Director, artist and advocate of independent film, Stephen Dwoskin, gathered a group of strangers together for a period of five weeks and filmed them as they explored their fantasies within a single room. The extraordinary results are documented in this visually lush experimental film. Inspired by the post-hippy encounter groups that developed on America's West Coast, this poetic precursor to TV's Big Brother explores the relationship between intimacy and performance, often to extreme effect. Men and women don make-up, stockings and ceremonial gowns while emotional and physical interactions form and rupture, pushing some participants to their very limits. Through his involving camerawork and dynamic use of sound - including a compelling drone score by celebrated composer Gavin Bryars - Dwoskin creates a truly unique film that drives us to examine our own sense of 'fantasy' and to question our relationships to both other people and the film itself.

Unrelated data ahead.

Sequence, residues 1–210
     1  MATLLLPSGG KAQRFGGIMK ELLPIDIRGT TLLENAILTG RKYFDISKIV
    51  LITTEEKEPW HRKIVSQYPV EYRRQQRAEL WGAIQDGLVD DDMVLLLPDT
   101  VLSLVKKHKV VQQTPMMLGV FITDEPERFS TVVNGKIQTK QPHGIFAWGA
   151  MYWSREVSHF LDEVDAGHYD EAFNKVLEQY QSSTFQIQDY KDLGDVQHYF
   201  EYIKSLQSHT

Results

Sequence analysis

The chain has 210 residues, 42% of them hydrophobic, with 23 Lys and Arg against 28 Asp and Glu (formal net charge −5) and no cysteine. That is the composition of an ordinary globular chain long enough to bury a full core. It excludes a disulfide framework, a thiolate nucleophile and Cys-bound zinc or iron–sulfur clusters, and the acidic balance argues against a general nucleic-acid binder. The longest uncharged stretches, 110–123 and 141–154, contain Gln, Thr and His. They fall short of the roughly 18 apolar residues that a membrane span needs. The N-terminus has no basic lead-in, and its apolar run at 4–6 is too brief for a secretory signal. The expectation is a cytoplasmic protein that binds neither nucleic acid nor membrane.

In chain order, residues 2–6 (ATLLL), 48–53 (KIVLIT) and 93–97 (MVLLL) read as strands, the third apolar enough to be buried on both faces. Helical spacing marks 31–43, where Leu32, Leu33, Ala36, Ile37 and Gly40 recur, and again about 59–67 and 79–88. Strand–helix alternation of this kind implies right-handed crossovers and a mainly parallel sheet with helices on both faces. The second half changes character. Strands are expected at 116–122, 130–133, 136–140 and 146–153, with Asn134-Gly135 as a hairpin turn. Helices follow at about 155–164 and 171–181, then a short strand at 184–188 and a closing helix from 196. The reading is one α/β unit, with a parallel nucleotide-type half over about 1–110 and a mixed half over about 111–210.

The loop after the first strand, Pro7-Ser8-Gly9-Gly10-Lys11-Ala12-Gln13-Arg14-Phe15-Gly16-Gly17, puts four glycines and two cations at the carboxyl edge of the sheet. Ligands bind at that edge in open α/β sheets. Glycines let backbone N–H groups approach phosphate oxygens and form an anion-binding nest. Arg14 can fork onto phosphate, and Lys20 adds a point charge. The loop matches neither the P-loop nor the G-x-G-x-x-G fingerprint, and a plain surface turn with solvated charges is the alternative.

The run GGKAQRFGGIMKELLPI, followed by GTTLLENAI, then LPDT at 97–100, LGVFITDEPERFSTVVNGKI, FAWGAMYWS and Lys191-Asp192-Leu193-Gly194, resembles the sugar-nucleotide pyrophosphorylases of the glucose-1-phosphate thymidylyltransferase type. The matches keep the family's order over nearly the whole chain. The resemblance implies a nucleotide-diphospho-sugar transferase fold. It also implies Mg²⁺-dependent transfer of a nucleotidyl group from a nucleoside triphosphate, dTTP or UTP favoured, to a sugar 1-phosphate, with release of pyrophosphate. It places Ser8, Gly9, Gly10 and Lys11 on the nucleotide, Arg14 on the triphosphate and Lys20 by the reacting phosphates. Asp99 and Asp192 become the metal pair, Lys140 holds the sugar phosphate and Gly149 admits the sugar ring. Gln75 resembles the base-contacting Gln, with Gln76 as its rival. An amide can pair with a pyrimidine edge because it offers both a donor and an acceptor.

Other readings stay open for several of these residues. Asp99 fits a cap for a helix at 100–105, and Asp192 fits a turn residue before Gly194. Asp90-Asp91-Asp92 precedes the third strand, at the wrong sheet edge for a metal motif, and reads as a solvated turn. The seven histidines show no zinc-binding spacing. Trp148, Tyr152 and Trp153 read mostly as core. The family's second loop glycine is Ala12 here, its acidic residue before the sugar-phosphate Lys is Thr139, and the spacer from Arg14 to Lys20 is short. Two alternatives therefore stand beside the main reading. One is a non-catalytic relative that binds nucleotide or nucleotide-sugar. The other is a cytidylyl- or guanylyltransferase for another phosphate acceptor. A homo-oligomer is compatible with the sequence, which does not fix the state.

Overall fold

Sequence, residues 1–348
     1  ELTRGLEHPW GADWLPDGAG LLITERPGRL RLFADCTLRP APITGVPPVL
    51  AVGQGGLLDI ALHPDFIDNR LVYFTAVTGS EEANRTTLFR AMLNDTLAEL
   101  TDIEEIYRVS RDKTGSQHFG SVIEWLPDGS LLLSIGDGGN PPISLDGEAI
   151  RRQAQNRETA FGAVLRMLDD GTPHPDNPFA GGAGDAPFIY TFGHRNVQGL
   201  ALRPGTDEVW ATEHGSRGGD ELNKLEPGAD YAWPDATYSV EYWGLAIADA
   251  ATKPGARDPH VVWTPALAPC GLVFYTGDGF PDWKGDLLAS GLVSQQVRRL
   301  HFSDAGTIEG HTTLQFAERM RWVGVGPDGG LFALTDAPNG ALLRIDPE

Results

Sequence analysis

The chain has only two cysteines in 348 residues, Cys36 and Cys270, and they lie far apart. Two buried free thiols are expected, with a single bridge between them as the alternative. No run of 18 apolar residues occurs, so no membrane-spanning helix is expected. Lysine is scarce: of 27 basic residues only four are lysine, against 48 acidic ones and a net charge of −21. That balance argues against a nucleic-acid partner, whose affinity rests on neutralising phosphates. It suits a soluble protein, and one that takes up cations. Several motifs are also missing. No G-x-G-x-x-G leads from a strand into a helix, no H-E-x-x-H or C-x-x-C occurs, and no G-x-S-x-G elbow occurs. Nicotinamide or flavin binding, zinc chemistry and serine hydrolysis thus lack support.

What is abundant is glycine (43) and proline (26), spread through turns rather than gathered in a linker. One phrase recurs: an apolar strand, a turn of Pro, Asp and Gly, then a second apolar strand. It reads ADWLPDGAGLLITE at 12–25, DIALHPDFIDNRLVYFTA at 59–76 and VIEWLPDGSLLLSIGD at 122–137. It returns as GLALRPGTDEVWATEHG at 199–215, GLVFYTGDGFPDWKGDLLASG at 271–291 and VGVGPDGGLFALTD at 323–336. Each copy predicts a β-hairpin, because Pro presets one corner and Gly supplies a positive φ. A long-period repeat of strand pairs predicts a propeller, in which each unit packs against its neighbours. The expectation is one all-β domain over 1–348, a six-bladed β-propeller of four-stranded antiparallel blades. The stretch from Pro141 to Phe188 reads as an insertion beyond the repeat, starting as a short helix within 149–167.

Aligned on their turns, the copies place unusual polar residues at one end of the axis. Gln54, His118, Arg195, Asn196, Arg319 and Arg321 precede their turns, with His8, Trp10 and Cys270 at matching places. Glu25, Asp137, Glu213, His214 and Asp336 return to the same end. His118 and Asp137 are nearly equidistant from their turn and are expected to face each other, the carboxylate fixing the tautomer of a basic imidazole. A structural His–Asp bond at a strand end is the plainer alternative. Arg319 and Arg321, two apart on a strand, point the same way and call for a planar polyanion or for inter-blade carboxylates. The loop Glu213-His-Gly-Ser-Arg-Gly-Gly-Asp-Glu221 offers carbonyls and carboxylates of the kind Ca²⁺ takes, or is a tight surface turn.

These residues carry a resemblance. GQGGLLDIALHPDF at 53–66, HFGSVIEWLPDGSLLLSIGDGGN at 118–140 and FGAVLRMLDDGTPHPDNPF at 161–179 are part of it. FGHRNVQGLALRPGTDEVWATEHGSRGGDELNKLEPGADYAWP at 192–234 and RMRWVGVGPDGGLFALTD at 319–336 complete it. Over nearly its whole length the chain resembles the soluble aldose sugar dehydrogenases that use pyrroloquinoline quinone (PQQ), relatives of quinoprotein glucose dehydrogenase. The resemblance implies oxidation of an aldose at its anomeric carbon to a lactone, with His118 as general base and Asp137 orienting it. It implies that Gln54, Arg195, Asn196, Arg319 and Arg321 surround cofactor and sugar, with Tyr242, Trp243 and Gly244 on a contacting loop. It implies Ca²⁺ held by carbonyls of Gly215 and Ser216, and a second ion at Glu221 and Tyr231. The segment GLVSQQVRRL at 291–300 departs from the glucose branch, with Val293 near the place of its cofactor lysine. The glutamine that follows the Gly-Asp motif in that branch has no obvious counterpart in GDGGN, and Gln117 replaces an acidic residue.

'Laboured Party' (20 minutes, 1974): Dwoskin's on-set companion piece to Central Bazaar in which an an unsuspecting Labour Party canvasser calls at the house and falls under the provocative and playful influence of the feature film's participants